Broadly looking at various other asset markets, it appears that USD weakness has resurfaced as the catalyst to gains in other markets (see below). While there has been some technical damage done to the USD this past week, we think it may still be only a minor correction within an overall USD recovery. In particular, we would note the US dollar index was rejected from the bottom of its weekly Ichimoku cloud, and price has fallen back inside the daily cloud, both potentially USD bearish indications. Elsewhere, we would note that US stocks are hesitating at recent highs, alongside gold and silver, as potential signs of uncertainty in the risk rally. The CRB commodity index has closed the gap from November 11-12 and faces resistance from prior highs around 320 as well. In short, we are on the cusp of a further breakdown in USD/higher in risk assets. However, given the negative outlook for the euro zone debt crisis and the risks of an imminent tightening out of China, we prefer to maintain a dollar-positive stance for the moment. It will not take much further USD weakness/risk strength to force us to reverse course, but for now, we'll treat this is as a minor USD correction.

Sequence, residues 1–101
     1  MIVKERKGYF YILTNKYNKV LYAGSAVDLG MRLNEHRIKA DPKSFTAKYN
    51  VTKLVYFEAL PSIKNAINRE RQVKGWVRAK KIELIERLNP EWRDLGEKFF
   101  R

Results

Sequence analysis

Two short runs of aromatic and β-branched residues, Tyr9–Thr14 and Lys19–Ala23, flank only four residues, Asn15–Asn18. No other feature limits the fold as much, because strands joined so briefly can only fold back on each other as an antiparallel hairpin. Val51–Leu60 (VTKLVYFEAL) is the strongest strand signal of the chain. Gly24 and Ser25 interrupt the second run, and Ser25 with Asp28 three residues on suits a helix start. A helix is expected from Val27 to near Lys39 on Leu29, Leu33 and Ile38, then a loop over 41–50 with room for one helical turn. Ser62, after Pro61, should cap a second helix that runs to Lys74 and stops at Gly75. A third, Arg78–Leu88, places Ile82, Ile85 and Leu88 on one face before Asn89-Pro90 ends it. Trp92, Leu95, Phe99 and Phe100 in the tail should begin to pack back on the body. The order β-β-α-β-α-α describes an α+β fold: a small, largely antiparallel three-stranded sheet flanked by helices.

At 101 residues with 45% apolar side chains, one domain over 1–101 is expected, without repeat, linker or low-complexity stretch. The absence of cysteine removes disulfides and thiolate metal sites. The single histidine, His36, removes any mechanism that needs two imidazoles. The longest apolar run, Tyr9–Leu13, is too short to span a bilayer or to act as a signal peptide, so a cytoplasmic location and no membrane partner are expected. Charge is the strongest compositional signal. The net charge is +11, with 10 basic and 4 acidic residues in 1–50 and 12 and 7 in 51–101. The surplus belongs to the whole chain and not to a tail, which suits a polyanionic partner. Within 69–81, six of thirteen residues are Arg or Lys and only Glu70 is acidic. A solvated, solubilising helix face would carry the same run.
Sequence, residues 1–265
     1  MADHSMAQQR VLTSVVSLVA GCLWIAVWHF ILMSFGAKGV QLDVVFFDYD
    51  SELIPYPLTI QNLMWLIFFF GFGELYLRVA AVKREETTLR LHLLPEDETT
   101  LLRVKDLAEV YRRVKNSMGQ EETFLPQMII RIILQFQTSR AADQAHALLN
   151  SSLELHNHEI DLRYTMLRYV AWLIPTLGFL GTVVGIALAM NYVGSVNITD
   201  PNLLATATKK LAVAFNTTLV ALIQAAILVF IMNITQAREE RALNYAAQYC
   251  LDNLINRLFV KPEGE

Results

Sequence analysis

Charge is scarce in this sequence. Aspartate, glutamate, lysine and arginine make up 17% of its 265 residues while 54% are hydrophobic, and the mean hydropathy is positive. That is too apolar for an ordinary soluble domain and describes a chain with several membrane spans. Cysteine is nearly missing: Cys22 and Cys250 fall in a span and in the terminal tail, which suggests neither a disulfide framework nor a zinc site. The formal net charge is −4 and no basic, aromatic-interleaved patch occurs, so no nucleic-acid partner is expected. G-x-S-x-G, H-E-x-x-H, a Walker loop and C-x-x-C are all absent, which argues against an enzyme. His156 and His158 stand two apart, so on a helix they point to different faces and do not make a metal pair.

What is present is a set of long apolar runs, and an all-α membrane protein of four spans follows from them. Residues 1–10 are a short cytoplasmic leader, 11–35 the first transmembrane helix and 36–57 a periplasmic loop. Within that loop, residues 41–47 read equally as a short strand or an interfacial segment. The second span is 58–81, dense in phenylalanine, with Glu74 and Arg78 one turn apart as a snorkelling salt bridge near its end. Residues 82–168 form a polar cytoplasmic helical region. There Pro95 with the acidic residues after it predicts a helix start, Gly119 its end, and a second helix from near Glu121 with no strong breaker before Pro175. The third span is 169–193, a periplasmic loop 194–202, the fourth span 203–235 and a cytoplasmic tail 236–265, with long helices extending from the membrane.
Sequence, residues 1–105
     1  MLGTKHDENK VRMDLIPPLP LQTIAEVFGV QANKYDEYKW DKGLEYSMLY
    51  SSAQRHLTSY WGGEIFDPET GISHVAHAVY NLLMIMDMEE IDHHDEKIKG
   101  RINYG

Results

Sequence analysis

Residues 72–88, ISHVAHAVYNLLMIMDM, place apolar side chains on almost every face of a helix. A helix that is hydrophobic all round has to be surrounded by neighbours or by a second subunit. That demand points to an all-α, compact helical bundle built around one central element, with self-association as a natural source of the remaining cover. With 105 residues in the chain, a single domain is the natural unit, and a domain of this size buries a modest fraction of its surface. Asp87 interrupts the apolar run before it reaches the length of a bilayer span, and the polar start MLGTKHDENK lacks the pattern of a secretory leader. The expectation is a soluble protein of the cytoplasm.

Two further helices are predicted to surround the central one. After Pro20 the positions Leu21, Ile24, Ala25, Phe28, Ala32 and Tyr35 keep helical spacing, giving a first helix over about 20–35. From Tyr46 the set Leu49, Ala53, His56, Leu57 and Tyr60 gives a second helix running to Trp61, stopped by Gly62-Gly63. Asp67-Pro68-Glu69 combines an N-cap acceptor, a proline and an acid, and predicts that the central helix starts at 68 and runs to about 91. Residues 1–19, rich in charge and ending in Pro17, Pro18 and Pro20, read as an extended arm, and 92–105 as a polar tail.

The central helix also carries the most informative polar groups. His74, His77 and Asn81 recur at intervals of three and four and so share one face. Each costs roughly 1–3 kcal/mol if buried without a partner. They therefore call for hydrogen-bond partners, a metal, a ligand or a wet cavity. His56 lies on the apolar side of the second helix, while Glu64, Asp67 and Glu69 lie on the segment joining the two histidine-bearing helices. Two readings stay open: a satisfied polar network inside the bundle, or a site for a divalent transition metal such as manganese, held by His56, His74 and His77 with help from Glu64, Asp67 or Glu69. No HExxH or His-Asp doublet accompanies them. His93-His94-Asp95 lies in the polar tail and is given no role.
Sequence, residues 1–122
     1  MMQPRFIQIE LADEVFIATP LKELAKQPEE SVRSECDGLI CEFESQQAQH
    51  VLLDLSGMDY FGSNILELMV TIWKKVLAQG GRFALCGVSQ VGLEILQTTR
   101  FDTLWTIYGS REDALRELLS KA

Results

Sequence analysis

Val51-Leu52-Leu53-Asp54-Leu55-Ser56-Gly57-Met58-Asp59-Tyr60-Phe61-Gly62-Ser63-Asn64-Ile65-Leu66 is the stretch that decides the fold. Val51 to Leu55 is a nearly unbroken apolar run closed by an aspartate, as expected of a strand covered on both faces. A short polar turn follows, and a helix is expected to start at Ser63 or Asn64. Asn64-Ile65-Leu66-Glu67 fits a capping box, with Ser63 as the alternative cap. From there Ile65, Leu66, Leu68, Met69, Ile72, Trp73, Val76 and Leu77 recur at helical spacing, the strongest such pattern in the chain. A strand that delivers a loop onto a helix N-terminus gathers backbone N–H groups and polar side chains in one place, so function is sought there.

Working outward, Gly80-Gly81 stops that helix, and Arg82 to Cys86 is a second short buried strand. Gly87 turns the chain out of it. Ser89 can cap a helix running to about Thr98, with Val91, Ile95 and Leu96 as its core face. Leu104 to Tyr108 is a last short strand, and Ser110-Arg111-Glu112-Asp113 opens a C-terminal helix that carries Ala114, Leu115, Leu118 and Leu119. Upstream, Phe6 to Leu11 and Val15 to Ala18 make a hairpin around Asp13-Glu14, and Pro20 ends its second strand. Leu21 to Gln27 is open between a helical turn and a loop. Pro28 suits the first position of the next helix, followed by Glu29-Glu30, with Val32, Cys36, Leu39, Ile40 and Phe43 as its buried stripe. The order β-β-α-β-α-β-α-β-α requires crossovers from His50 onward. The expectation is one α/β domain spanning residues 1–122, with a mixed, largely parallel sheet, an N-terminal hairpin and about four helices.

In a QE2 World, Is Bad Data Now Bad for the Buck?